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Herbicide transport to surface runoff from a claypan soil: Scaling from plots to fields

Ghidey, F., Baffaut, C., Lerch, R.N., Kitchen, N.R., Sadler, E.J., Sudduth, K.A.
Journal of soil and water conservation 2010 v.65 no.3 pp. 168
soil pollution, atrazine, metolachlor, herbicide residues, soil transport processes, measurement, runoff, surface water, claypan soils, water conservation, tillage, mulches, no-tillage, mathematical models, equations, water pollution, agricultural runoff, losses from soil, corn, soybeans, crop rotation, application rate, Missouri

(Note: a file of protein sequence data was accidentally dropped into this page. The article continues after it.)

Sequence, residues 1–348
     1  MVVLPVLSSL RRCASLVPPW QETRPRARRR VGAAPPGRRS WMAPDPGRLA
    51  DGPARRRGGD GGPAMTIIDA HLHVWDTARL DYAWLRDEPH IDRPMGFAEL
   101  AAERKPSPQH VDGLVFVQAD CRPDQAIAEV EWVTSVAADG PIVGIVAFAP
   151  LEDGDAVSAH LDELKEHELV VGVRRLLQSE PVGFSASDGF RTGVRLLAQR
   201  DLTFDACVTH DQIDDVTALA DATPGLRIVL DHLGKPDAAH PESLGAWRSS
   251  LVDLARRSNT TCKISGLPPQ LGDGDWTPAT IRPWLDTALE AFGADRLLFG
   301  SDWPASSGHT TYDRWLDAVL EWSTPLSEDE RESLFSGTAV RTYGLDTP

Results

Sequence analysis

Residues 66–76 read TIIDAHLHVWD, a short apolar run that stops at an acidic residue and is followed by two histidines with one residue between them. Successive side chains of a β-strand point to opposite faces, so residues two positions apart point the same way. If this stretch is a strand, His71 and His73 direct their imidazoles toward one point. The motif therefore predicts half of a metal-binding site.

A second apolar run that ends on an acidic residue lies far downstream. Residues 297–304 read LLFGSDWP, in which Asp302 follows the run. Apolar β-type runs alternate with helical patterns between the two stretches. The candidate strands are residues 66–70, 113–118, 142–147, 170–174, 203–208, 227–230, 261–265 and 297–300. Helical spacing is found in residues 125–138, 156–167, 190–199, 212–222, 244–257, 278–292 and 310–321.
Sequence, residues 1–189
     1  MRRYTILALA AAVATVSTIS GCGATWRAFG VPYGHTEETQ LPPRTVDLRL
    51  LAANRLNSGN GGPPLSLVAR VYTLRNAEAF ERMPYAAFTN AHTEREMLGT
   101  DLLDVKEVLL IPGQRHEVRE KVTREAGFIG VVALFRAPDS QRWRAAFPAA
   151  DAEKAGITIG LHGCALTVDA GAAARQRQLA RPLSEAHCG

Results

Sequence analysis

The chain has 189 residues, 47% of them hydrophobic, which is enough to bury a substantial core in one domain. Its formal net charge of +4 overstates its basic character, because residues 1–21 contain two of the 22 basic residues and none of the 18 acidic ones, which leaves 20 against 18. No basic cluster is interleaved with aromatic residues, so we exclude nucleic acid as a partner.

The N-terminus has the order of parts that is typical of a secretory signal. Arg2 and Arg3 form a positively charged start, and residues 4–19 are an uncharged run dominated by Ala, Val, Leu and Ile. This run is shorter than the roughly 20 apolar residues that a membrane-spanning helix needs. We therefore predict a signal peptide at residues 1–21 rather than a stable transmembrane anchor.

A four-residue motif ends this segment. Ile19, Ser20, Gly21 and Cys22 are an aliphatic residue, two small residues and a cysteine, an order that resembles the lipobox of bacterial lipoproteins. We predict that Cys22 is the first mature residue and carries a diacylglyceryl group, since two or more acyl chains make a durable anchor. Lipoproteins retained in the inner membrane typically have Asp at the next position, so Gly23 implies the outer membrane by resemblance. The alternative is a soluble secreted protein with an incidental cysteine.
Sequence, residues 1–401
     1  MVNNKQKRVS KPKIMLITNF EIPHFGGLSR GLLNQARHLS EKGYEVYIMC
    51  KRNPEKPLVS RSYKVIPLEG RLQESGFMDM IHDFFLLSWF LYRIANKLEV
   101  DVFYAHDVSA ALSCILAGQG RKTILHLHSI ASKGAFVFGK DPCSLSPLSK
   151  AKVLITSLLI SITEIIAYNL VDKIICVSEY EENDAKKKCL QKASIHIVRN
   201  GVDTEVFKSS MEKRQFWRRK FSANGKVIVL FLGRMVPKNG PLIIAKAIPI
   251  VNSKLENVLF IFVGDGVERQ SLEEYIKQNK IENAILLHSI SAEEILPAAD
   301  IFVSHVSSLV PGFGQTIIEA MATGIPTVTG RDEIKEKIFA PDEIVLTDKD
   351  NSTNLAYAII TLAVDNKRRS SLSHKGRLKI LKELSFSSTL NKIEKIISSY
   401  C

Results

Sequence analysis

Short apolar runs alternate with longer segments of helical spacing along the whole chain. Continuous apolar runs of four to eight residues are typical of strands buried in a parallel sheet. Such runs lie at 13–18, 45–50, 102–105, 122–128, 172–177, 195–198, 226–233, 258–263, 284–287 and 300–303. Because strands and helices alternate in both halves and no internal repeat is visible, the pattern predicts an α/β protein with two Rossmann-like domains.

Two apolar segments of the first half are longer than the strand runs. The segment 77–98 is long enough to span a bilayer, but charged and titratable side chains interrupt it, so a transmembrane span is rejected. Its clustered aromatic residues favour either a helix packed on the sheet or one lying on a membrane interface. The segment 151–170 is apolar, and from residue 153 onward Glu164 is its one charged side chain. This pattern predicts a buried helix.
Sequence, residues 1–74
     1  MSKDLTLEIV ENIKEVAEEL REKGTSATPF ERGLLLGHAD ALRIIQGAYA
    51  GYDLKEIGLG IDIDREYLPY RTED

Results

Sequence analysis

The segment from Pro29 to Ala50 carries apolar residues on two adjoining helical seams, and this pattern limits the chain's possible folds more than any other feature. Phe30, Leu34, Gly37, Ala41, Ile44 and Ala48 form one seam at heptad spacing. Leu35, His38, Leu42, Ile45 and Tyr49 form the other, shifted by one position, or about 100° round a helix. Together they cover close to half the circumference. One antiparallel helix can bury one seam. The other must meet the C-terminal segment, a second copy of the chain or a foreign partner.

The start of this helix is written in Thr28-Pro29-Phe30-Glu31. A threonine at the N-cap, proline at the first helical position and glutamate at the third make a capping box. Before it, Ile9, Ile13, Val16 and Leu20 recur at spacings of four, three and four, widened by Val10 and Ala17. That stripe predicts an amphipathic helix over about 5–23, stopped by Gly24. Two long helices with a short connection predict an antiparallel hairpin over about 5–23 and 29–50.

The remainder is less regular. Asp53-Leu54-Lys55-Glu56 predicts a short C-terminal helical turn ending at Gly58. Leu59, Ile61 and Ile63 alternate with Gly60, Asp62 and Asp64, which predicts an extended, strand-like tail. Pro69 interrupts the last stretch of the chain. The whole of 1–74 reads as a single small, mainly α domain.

Streams and drinking water reservoirs throughout the claypan soil region of Missouri and Illinois are particularly vulnerable to herbicide contamination from surface runoff during spring. This study follows a plot-scale study conducted on claypan soils to quantify and compare edge-of-field herbicide losses from a corn–soybean rotation under mulch tillage and no-tillage systems. The objectives of the present study were to confirm at field scale (34.4 ha [85 ac] and 7.8 ha [19.3 ac]) the plot-scale findings (0.37 ha [0.92 ac]) on the effects of tillage and herbicide incorporation on herbicide transport and to evaluate the applicability of plot-scale exponential models in calculating atrazine and metolachlor concentrations as a function of application rate, runoff volume, and days after application at the field scale. Herbicide transport to surface runoff was studied (1997 to 2001) from two fields with cropping systems similar to those on the plots. Field 1 (F1) was a mulch tillage corn–soybean rotation system with surface-applied herbicides, which are then incorporated. Field 2 (F2) was a no-tillage corn–soybean rotation system with surface-applied herbicides that were not incorporated. During each event, runoff volumes were measured, and water samples were collected and analyzed for atrazine and metolachlor concentrations. The percentages of applied atrazine and metolachlor transported to surface runoff from no-tillage (F2) were 3.2 and 2.0 times those from mulch tillage (F1), respectively. Throughout the study period, 1.0% and 3.2% of total atrazine and 1.0% and 2.0% of total metolachlor applied to F1 and F2 were lost to surface runoff, respectively. Similar to the results from the plot study, the model performed well in calculating field atrazine concentrations from both mulch and no-tillage systems with coefficient of determination ≥ 0.70 and Nash and Sutcliffe efficiency ≥ 0.64. However, model performance in calculating metolachlor concentrations was poor for both tillage systems (Nash and Sutcliffe efficiency < 0.35). When the model was modified to include cumulative temperature instead of days after application, performance in calculating atrazine and metolachlor concentrations was improved, particularly metolachlor concentrations at the field scale. The coefficient of determination and Nash and Sutcliffe efficiency values for metolachlor relative to cumulative temperature and days after application were 0.62 and 0.61 versus 0.41 and −0.13 for F1, and 0.73 and 0.55 versus 0.53 and 0.34 for F2, respectively. Overall, the study confirmed plot-scale results that atrazine concentrations and losses were greater for a no-tillage system than for a mulch-tillage system, in which the herbicide was incorporated. The study also showed that the model developed using plot-scale data was applicable in calculating concentrations at the field scale, particularly for atrazine.